Photo credit: Sean McConnell
Photo credit: Sean McConnell
Summer Experience: Jessie Walton travels to another nation – and to herself
By Kandace York
Jessie Walton remembers the moment she stepped out of a van and into Santa Fe, New Mexico, this summer. It was the start of the Navajo Nation trip; for her and many other students, it would be a life-changing two weeks.
“It was very early morning,” the graphic design major from Orrville, Ohio, said. “The sun was just starting to rise and there was a light, eerie fog around us. It felt like we had entered a whole different world.”
In a way, they had.
The Navajo Nation trip took them through parts of New Mexico and Arizona, with a focus on Indian reservations. They met Navajo elders and participated in service projects to learn about art, culture, nature and history of the Navajo Nation.
Walton said she is 50 percent Cherokee of the Long Hair tribe, and she had initial concerns about the trip.
“I wasn’t sure what the Navajo would think of us: both as white people and, for me, someone from another tribe,” she said.
She shouldn’t have worried, she said. “People were so caring and friendly. They welcomed us and allowed us into their lives.”
The Navajo Nation, Walton said, centers around three beliefs. First, you need to respect nature; if you do, nature will respect you back. Second, “we’re all five-finger people,” meaning that everyone is the same. And third, you should be kind to all people regardless of ethnicity, race or other demographics. “Everyone has a story and everyone carries a burden.”
The trip was even more memorable because of the bonding within the BGSU group. “I went not knowing anyone except Professor Ricketts, who had been my prof for one class. But all the people on the trip –- people I didn’t know –- are now my friends. All of them.”
This immersive experience is just what trip organizers Gordon Ricketts and Dr. Chris Frey envisioned.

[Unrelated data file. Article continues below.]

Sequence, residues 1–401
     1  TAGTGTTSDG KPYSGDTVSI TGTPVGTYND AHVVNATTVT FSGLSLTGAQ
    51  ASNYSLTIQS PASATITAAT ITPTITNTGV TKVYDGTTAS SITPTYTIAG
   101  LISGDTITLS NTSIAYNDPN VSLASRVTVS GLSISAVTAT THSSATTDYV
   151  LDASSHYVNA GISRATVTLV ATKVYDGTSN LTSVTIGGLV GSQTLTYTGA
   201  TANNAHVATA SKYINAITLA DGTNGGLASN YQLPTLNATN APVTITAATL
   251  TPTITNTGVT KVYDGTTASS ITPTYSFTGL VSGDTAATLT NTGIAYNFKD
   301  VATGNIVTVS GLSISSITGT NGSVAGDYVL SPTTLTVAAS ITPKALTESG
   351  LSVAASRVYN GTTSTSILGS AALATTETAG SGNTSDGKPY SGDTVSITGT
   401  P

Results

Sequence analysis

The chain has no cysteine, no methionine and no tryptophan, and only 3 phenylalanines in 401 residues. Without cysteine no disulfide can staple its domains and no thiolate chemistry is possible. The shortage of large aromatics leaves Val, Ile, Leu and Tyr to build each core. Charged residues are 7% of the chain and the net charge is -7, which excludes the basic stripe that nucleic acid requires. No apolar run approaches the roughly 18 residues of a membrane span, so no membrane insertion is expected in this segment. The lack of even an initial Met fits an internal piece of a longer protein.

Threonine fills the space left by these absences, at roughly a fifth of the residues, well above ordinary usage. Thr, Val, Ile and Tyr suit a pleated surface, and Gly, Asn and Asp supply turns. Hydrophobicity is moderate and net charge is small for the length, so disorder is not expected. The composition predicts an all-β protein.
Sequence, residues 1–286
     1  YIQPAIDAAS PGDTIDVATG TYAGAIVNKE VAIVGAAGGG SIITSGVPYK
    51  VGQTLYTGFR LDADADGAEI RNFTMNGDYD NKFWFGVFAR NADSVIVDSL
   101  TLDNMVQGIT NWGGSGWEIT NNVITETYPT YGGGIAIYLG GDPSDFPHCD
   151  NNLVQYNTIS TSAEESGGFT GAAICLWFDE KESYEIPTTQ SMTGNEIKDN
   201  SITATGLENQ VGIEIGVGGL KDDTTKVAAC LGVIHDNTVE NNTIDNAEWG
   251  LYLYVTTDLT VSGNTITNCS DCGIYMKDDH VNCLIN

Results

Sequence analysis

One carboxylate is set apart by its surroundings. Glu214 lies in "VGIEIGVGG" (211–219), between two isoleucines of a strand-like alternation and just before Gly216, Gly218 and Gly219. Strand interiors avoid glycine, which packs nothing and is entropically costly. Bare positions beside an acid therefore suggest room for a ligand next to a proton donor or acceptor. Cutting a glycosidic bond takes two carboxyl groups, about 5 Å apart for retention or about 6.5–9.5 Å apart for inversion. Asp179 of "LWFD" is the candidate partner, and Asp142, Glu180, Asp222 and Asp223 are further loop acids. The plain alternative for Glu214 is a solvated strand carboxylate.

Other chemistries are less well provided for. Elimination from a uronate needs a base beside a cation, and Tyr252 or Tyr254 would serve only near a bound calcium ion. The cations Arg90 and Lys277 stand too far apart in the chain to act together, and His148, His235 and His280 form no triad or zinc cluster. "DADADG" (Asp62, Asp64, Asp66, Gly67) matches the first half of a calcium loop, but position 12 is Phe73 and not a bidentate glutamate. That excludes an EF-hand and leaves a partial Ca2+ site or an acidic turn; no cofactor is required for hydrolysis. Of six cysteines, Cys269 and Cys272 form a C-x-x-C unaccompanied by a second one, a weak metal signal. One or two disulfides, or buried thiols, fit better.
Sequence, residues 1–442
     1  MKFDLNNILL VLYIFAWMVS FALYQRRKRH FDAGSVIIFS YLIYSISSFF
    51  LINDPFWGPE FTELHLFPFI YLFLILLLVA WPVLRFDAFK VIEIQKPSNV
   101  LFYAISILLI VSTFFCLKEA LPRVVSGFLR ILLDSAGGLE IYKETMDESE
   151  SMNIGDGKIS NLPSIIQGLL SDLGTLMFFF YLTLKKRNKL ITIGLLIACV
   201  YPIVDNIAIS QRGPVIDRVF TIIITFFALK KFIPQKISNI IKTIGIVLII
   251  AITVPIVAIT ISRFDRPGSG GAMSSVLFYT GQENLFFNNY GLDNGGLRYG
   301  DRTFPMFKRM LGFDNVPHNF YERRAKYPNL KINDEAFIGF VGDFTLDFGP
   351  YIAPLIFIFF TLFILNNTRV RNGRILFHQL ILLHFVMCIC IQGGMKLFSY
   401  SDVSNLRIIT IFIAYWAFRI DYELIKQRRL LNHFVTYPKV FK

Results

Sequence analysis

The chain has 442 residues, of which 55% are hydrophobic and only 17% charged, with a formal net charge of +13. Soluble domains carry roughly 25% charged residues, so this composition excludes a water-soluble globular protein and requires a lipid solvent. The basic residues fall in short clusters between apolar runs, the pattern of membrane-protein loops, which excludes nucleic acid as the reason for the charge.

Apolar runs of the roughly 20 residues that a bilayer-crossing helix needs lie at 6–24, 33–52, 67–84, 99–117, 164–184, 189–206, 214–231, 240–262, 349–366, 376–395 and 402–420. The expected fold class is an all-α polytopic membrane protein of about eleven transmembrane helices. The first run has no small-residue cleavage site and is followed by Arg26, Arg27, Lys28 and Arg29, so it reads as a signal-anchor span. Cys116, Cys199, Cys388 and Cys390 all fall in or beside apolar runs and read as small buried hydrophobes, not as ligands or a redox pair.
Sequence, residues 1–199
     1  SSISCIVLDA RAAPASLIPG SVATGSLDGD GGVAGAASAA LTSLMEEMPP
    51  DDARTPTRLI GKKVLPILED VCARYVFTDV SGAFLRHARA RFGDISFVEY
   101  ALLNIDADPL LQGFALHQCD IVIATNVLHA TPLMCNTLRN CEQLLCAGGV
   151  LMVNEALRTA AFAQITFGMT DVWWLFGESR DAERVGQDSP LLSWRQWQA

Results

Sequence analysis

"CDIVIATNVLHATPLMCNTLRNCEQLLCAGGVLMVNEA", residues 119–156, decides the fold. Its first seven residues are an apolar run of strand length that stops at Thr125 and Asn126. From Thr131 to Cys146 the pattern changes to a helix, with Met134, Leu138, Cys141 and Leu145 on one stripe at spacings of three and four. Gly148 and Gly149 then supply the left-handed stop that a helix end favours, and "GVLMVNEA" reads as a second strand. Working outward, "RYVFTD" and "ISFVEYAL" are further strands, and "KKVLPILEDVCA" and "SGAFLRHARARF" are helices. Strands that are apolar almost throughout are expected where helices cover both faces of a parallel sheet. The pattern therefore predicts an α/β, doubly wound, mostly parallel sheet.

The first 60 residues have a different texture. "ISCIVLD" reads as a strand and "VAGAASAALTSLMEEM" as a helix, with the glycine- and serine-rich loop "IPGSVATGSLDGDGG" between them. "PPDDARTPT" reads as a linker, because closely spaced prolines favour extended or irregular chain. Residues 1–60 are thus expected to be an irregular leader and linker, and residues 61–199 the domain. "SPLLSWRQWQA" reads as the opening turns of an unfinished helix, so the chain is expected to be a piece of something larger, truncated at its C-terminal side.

Frey, an associate professor in the College of Education and Human Development, said, “We want to take students to a part of the country and to a culture that many haven’t experienced. We want them to feel what diversity and inclusion mean, where they live on other people’s terms.”
As co-manager of the trip, Frey described one of the conversations that the living conditions inspire. “In many places we visit, people do not have, and sometimes do not want running water or electricity. So, we talked about how people use water and what happens where they don’t have electricity.
“That’s something that many of the people on this trip haven’t experienced, but many Navajo have lived like this for hundreds of years.”
Although the trip is structured, Frey said the itinerary is flexible.
“We cook all our own food, so in the morning one group makes breakfast. Then we might visit historical sites, take hikes or participate in service projects, like butchering a sheep for supper. We keep some free time in the schedule to let students reflect on their experiences.”
Although the Navajo Nation lies geographically within the United States, Frey said, “It’s a different culture, a different economy and a different language.”
His goals include expanded opportunities to work with more indigenous cultures throughout the U.S. and the world.
“There are 400 million indigenous people worldwide – not just Navajo,” he said.
Walton echoed his point.
“Native Americans are still here, working and living every day," she said. "They have not gone away.”
Walton said she already plans to return to the Navajo Nation as part of BGSU's next trip: May 17-31.